Raw With Love by Charles Bukowski
little dark girl with
kind eyes
when it comes time to
use the knife
I won’t flinch and
I won’t blame
as I drive along the shore alone
as the palms wave,
the ugly heavy palms,
as the living does not arrive
as the dead do not leave,
I won’t blame you,
I will remember the kisses
our lips raw with love
and how you gave me
everything you had
and how I
offered you what was left of
and I will remember your small room
the feel of you
the light in the window
your records
your books
our morning coffee
our noons our nights
our bodies spilled together
the tiny flowing currents
immediate and forever
your leg my leg
your arm my arm
your smile and the warmth
of you
who made me laugh
little dark girl with kind eyes
you have no
knife. the knife is
mine and I won’t use it



“That was when I learned that words are no good; that words don’t ever fit even what they are trying to get at. When he was born I knew that motherhood was invented by someone who had to have a word for it because the one that had the children didn’t care whether there was a word for it or not. I knew that fear was invented by someone that had never had the fear; pride, who never had the pride. I knew that it had been, not that they had dirty noses, but that we had had to use one another by words like spiders dangling by their mouth from a beam, swinging and twisting and never touchingm and that only through the blows of the switch could my blood and their blood flow as one stream. I knew that it had been, not that my aloneness had to be violated over and over each day, but that it had never been violated until Cash came. Not even by Anse in the nights.
He had a word, too. Love, he called it. But I had been used to words for a long time. I knew that that word was like the others: just a shape to fill the lack; that when the right time came, you wouldn’t need a word for that anymore than pride or fear.”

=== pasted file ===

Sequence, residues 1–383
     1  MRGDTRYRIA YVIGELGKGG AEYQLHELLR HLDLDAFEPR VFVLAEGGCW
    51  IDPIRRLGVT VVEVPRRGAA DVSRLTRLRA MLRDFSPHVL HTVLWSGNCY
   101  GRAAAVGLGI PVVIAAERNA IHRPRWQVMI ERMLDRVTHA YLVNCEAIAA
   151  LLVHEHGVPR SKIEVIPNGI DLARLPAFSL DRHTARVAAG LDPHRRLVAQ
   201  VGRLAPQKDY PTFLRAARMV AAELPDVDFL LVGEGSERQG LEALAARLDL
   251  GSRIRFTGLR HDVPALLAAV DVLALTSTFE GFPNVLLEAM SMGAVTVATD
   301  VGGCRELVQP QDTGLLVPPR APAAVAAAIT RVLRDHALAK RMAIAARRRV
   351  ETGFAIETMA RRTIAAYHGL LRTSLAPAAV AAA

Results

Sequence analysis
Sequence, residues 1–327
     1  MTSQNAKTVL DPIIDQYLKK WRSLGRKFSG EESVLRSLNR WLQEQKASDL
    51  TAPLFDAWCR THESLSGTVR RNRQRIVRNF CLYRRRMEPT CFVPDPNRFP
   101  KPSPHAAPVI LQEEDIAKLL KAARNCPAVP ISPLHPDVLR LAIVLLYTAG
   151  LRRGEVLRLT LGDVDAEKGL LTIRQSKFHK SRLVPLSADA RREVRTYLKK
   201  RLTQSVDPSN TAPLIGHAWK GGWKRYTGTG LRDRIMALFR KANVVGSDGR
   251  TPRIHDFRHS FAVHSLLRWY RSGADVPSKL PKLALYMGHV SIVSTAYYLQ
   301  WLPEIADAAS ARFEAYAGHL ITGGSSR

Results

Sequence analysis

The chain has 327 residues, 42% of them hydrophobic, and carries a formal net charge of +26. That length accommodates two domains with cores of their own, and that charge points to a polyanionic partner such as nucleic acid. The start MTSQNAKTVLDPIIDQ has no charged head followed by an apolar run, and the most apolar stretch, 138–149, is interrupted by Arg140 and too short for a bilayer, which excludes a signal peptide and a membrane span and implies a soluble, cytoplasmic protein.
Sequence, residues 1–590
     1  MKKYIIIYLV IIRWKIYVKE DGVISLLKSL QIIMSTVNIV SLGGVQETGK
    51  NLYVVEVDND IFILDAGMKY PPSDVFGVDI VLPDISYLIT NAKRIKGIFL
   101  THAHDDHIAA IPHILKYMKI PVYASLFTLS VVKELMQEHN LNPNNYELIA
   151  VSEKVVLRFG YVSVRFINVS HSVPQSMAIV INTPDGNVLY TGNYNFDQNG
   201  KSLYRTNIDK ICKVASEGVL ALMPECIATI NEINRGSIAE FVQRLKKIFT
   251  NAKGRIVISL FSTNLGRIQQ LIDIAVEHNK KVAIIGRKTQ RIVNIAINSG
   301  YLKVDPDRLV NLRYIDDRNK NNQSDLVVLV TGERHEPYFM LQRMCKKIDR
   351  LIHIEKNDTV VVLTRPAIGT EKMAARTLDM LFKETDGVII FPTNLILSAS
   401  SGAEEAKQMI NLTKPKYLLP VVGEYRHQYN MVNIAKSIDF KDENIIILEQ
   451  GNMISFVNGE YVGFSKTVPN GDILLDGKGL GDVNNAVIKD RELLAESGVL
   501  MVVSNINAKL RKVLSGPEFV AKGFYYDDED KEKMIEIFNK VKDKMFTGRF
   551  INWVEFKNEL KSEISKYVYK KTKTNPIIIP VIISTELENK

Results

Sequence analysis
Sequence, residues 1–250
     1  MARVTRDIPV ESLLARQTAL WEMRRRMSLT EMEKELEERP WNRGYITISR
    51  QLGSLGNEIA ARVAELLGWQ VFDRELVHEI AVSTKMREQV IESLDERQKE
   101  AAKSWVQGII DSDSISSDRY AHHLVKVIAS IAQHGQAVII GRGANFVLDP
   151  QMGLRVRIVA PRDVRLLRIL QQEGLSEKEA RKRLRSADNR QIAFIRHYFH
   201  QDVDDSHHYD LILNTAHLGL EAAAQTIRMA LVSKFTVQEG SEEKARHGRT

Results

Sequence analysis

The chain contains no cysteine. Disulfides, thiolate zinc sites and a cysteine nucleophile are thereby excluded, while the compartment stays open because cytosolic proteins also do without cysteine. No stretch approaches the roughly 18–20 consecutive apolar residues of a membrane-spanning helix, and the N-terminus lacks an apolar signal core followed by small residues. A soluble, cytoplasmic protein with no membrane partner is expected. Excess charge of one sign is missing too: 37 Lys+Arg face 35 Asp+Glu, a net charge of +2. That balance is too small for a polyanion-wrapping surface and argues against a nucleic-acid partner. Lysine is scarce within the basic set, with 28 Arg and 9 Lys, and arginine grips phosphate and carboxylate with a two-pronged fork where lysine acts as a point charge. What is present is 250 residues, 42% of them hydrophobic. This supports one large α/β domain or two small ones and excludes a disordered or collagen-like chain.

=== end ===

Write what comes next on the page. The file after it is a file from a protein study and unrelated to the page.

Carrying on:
As I Lay Dying, William Faulkner.

damn it, you’ve got to be kind

I nearly cried the first time I saw the video. I heard the song was when I was having a miserable time at work, the beautiful melody caught my ear and I was hooked. There’s a genuine sense of vulnerability that a lot of songs nowadays lack. You can tell that the lyrics meant something to whomever wrote the song. It wasn’t just some mass produced hit meant to sell records. It’s a bit gut wrenching when you think about the meaning behind the video. Seeing the video put things in perspective, and made me realize that every one is fighting a hard battle not just me. We’re all just trying to get by while trying to make a semblance of meaning of all the struggles along the way.

It’s truly making me appreciate my parents. Despite the rough patches we’ve been through, there’s still love underneath it all. My father may not be the first person I think of when I think of my hero, but he does what he can to provide for the family.  The New York Times recently delved into varying definitions of the word hero. I don’t know what your definition may be, it may be completely different from mine,  but I don’t think heroes merely exist in the pages of comic books or in summer blockbusters. I think heroes are people who have the courage and the moral perseverance to do something for the greater good of the people around them. It need not be a herculean task, it can be standing up for someone being talked down upon, or voicing out the wrongs seen.

I’ve had many heroes in my life and I use them as beacons of who I aspire to be. I think that the most admirable thing about my heroes is that despite the strife they face, they’re motivated by love and faith in humanity. I do not want to live a life seeking revenge for all those that wronged me or worse: to be propelled by hatred. It’s easy to be hardened by the trying times. Every morning when I wake up to NPR, I hear of the civil unrest in Syria, or the dire state of the American economy, or some other atrocities here or overseas. It’s really hard not to grow bitter and cold, it’s much easier to be pessimistic and lose faith in people’s capacity for good. However, when I see an everyday act of heroism from coworkers, friends or bystanders I remember that the world isn’t all bad after all. There are still people out there willing to break their passivity to make a stand. It might seem naive, but I’d like to think that its not fame or money that propels them to act, but love. I still believe in the inherent goodness and altruism in people. It’s still a beautiful place despite the seeming bleakness of the times. I’ve quoted it time and time again, but I too need a reminder from one of my heroes: